Have a Heart for Kids Day 2020

Early learning bills cross finish line

Anonymous (not verified) 03/29/10



Gov. Chris Gregoire signed three early learning bills into law today that will do big things to improve the lives of our state’s littlest learners.



2SHB 2731 solidifies Washington’s commitment to providing comprehensive preschool services to low-income and other disadvantaged children. The goal is to make the state’s Early Childhood Education and Assistance Program (ECEAP) a service that children are entitled to receive – much like Apple Health for Kids coverage. The Children’s Alliance and our Early Learning Action Alliance partners had hoped our state would add preschool for at-risk kids to its definition of basic education. But this new law strikes a thoughtful and balanced compromise that promises to improve early learning opportunities for all.

SSB 6759 picks up where 2SHB 2731 leaves off and creates a plan to answer some of the outstanding questions about how Washington will roll out the system giving all at-risk kids access to preschool. It will maintain our state’s focus on improving outcomes for all children, and seamlessly integrating high-quality early childhood education with our K-12 system.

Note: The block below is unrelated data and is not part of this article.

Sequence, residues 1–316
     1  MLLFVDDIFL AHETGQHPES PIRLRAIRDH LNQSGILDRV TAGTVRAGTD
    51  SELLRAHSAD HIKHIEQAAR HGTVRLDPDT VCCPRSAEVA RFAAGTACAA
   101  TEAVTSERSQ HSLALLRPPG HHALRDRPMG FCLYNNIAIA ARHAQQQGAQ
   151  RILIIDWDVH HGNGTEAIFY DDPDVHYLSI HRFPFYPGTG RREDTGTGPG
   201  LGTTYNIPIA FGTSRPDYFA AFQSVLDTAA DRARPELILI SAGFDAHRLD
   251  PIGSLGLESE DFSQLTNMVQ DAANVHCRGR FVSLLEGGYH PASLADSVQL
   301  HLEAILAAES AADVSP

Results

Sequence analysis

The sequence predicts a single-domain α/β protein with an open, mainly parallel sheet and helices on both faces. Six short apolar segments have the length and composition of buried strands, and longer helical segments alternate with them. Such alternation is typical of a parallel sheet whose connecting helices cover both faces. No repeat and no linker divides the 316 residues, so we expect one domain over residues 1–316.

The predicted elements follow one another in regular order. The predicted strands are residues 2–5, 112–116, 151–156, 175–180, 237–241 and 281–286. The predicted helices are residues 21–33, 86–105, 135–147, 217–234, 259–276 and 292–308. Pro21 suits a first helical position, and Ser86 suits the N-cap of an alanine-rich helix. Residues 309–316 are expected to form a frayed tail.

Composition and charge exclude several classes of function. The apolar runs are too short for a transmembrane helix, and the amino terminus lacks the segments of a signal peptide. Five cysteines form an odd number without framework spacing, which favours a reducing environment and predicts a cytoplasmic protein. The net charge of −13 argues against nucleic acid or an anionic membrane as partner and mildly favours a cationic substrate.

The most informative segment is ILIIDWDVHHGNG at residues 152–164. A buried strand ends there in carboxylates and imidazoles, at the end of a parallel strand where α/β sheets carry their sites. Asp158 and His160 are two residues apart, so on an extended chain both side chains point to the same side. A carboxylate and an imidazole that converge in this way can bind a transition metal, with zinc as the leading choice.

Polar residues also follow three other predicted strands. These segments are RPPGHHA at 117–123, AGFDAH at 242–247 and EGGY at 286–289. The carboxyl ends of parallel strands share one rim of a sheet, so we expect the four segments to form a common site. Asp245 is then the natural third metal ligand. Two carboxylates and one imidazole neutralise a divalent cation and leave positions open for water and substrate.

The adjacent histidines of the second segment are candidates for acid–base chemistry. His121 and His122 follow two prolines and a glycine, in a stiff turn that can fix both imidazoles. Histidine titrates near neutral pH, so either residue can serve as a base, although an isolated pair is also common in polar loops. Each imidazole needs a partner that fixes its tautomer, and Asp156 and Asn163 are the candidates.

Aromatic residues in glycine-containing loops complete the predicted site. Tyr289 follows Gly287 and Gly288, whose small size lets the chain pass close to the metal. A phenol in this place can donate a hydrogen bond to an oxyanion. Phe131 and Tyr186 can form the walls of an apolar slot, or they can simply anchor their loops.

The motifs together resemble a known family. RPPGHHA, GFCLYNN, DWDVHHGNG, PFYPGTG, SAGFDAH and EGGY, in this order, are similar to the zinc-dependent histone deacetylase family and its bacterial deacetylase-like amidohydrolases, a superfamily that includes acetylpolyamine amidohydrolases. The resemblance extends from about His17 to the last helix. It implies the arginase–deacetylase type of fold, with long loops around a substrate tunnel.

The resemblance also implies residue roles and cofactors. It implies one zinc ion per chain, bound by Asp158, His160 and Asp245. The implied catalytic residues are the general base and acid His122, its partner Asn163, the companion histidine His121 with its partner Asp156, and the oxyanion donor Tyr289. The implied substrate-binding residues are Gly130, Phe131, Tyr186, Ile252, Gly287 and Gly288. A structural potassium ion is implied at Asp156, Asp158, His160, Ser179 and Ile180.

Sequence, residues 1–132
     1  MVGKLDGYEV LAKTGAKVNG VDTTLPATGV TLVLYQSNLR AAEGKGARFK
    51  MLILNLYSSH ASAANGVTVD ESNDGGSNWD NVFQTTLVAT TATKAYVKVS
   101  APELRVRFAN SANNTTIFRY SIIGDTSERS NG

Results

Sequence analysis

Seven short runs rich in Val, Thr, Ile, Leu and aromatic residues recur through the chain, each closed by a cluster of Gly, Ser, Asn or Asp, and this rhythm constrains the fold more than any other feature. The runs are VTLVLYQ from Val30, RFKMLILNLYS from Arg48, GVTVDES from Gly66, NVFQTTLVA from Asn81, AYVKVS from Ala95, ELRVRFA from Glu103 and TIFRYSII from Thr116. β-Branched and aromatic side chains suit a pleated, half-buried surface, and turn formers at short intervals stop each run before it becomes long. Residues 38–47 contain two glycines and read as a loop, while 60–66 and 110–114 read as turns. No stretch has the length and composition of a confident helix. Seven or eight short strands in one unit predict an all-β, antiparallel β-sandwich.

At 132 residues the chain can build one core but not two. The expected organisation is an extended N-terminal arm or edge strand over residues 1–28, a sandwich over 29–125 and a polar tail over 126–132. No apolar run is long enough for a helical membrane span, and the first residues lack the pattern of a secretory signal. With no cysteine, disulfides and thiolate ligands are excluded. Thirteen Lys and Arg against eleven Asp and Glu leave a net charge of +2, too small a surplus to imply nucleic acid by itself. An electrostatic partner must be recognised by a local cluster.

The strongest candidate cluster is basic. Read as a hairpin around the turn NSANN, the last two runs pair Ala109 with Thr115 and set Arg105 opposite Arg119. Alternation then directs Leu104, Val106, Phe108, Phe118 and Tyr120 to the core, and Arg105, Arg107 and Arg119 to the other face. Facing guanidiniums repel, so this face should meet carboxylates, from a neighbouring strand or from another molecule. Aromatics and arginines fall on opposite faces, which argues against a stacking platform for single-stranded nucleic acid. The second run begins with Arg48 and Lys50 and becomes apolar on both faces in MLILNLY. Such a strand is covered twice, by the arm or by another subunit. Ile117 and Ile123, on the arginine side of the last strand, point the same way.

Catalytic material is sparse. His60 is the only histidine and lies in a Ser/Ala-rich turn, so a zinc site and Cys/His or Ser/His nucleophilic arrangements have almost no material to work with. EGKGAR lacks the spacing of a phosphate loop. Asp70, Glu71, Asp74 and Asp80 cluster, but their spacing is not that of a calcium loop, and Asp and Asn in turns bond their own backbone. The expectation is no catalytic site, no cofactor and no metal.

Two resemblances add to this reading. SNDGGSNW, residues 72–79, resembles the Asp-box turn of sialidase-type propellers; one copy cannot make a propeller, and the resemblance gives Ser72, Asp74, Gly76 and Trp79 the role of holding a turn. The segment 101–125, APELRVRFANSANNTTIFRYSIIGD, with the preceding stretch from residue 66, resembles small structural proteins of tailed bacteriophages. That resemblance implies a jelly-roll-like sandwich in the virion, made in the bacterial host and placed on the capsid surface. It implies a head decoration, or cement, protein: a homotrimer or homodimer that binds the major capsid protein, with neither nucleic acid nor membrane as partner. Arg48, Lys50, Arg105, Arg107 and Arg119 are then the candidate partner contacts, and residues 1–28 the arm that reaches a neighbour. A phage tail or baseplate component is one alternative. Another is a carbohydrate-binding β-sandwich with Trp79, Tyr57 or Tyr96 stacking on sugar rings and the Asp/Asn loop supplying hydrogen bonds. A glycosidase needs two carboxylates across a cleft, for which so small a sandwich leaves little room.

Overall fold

2SHB 2867 updates state law with findings about how critical a role early learning programs play for children in the first three years of life. It requires the Department of Early Learning, with others, to prepare a plan by December 2010 outlining how the state will provide a continuum of services to at-risk infants and toddlers, and recommend funding levels for those services.

One early learning bill we’re still encouraging the governor to sign is E2SHB 3141. By requiring less frequent reauthorizations for Working Connections Child Care – once every 12 months instead of the current six months – this bill would allow parents to focus on work and training, help providers to better plan for the families they serve, and prevent unnecessary disruptions in child care.

There’s still time to write the governor and make the case for smart changes that will better support parents as they make the transition from welfare to self-sufficiency.

– Liz Gillespie

(Photo by Children's Alliance Early Learning Associate Casey Osborn)